Cheap Game Tuesday: ‘FTL: Faster Than Light’
Sometimes we play games to relax. Sometimes we play FTL: Fast Than Light. On the outset it’s a rather plan space adventure where most encounters are in the form of text boxes and you pause the game to input battle commands. In reality it’s a nail biting, horrendously difficult race against time. And with an expansion out on Steam and an iPad release it’s time to play it again.
The story is simple. You carry secret information and the rebels are on your tail. You have to navigate space by using your lightspeed warp drive to leap from node to node, with random events playing out in or against your favour. On board your ship you direct your crew to manage the most important system during combat with enemy ships. When in combat you wait until your weapons charge before aiming them at particular parts of your enemy ship in order to place them at a strategic disadvantage, such as knocking out their shields or the weapon systems. In between missions you may encounter random events where you can make a decision to stop and interact or move on by and shop for new items in the stores.
This is a difficult game. Very, very difficult. The odds are constantly stacked against you, with many of the ships outclassing you from the outset. In between remaining stocked in fuel and weapons and trying to maintain your hull purchasing new equipment and weapons proves challenging. You use the same scrap material for purchasing as upgrading your ship, so tough decisions will have to be made. With the rebel fleet constantly edging closer you don’t have the opportunity to backtrack and level up – you get what you can grab. Although you’re often at the disadvantage against the various aliens, pirates and rebels you meet on the way you can’t afford to flee from the challenge and pass on the meagre rewards needed to slightly improve your craft.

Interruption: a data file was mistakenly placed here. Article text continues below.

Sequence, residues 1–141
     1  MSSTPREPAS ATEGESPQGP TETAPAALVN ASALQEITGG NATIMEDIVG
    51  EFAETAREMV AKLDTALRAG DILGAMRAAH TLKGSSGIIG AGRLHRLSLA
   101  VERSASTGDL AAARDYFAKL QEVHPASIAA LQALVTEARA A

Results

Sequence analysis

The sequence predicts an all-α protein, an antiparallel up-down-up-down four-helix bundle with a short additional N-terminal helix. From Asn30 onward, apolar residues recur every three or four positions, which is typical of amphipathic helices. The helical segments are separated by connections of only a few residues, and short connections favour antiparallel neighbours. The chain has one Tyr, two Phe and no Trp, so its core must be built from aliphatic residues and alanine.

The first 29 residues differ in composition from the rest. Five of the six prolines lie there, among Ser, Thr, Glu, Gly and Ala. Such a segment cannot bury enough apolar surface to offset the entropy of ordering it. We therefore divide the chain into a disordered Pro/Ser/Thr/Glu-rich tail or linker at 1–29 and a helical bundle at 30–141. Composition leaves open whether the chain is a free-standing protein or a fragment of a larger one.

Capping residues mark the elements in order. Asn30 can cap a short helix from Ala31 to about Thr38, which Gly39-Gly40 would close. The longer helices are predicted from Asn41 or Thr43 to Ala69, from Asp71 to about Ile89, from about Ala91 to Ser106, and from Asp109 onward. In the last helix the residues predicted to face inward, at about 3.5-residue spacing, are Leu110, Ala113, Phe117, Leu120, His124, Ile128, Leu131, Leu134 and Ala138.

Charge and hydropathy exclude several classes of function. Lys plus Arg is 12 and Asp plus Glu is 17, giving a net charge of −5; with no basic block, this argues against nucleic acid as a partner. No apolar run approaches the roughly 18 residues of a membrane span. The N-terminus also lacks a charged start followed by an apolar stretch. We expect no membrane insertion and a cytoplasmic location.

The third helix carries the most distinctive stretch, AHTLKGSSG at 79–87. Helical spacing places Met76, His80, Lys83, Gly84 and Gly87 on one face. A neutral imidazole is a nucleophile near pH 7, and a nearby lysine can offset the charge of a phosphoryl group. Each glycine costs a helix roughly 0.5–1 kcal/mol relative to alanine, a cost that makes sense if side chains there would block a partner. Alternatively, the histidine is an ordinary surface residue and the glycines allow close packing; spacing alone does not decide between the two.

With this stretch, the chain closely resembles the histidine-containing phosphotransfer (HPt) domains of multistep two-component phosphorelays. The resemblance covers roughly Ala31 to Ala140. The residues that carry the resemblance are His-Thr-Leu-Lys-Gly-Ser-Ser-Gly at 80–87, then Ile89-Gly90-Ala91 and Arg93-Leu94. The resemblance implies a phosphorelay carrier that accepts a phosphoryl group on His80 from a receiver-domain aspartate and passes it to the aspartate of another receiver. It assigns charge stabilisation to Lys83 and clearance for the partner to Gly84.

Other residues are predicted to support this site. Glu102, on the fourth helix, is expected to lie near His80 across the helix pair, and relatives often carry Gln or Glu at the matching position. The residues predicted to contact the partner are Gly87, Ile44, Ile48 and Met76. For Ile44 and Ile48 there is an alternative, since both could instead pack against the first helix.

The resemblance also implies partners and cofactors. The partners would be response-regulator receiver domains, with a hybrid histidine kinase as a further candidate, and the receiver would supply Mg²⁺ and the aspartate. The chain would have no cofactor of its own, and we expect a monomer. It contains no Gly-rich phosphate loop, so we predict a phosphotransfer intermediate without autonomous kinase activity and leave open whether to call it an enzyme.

So why the hell would you play it? Satisfaction. Every win is a satisfying win, and every game that edges you further past your last final stand is a good game. It’s easy to unlock different ships and bits and pieces to give you an edge allowing for some replay value. The game would be improved if the game was shorter to play, like Binding of Isaac, but if you want a funky little space sim you could do much worse.